In 2014, she and her husband moved to their forever home in the country. She graduated from allotment gardening to organically managing 1/3 of an acre of land, including a mature fruit orchard,which she has turned into a productive forest garden. The yield from the garden is increasing year on year – rapidly approaching an annual weight in produce of almost 1 ton.

She has filled the rest of the garden with a polytunnel, a vegetable patch, a herb garden, a wildlife pond, woodland areas and more. Since moving to the property she has also rescued many chickens from factory farms, keeping them for their eggs, and moved much closer to self-sufficiency. She has made many strides in attracting local wildlife and increasing biodiversity on the site.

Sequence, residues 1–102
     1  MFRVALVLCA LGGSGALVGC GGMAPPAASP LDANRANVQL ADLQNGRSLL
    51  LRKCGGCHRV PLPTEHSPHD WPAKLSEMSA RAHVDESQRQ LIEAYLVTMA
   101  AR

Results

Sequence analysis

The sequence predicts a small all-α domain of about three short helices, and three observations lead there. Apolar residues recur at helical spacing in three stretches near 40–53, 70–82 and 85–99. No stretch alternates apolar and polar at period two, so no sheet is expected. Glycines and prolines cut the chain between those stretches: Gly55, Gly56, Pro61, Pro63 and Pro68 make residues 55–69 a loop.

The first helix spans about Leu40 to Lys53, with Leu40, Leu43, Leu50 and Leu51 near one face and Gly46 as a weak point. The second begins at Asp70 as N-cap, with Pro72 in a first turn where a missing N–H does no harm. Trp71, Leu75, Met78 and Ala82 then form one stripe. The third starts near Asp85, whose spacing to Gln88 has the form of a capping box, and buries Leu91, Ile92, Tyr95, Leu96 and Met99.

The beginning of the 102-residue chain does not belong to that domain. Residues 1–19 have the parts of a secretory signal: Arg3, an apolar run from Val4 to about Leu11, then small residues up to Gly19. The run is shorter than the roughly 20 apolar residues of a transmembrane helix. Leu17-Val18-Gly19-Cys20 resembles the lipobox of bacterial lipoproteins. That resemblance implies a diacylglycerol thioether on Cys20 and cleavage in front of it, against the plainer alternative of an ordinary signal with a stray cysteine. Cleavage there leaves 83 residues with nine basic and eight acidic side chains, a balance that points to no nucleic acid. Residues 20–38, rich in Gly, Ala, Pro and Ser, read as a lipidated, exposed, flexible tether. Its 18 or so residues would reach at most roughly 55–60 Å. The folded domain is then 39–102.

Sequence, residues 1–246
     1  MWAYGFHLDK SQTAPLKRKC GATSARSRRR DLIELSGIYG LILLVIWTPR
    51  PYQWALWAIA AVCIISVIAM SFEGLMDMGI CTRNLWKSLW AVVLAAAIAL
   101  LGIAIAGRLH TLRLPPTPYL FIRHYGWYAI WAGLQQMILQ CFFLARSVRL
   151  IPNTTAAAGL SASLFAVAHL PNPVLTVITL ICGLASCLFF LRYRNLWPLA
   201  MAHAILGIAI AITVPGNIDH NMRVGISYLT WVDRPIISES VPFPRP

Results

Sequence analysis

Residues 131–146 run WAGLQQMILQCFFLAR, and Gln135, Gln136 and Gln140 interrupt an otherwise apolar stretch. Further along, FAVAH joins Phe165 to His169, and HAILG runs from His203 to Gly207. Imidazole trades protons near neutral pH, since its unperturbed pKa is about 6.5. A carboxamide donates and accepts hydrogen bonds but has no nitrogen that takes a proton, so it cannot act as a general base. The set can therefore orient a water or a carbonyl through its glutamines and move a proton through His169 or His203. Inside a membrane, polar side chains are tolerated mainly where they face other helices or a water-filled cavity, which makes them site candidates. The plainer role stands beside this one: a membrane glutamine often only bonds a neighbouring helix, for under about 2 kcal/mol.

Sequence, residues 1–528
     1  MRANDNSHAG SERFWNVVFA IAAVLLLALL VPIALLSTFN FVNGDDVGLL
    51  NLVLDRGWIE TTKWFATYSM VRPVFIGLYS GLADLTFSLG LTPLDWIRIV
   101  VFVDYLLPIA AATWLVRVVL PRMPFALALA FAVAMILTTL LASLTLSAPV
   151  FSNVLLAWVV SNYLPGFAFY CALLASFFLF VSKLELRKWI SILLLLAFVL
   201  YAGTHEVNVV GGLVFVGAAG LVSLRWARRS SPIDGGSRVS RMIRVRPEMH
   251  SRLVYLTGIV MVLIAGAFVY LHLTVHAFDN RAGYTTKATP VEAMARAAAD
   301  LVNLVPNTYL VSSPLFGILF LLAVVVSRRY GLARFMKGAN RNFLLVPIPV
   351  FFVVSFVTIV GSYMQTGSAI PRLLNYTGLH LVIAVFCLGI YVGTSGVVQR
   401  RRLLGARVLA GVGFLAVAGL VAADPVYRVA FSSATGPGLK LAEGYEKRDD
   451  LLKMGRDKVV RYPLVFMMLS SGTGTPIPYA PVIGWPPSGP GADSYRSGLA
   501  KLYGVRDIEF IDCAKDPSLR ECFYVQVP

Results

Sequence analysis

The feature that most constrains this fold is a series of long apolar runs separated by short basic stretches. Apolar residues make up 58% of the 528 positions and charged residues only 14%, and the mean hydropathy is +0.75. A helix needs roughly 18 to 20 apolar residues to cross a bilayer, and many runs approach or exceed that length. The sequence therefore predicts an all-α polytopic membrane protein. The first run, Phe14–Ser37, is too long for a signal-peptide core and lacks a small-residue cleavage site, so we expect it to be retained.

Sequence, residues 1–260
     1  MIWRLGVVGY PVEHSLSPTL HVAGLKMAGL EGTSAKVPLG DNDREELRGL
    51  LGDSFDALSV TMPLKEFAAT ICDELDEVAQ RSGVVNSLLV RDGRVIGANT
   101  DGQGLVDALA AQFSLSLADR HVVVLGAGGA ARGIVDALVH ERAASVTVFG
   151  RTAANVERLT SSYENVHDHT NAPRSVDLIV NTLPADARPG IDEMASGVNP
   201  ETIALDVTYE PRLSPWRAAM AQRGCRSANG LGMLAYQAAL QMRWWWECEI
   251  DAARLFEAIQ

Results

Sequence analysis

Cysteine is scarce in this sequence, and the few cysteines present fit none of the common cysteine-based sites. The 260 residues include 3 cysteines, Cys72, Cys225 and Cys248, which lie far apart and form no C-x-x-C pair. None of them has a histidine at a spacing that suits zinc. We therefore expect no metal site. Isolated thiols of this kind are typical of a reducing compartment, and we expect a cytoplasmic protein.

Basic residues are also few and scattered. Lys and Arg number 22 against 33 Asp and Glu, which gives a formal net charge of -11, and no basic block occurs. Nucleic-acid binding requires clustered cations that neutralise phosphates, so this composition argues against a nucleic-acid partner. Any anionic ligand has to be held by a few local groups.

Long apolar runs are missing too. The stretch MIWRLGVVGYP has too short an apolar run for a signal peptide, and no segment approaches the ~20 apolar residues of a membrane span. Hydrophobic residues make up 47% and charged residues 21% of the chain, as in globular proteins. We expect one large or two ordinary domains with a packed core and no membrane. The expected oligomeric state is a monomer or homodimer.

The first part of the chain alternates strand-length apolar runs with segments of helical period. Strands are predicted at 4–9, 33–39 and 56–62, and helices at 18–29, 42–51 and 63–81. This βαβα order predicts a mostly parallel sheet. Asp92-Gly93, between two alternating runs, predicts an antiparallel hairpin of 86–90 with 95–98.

When she is not gardening, Elizabeth spends a lot of time working remotely on permaculture garden projects around the world. Amongst other things, she has designed private gardens in regions as diverse as Canada, Minnesota, Texas, the Arizona/California desert, and the Dominican Republic, commercial aquaponics schemes, food forests and community gardens in a wide range of global locations.

In addition to designing gardens, Elizabeth also works in a consultancy capacity, offering ongoing support and training for gardeners and growers around the globe. She has created booklets and aided in the design of Food Kits to help gardeners to cool and warm climates to grow their own food, for example. She is undertaking ongoing work for NGO Somalia Dryland Solutions and a number of other non governmental organisations, and works as an environmental consultant for several sustainable companies.

Visit her website here and follow along on her Facebook page here.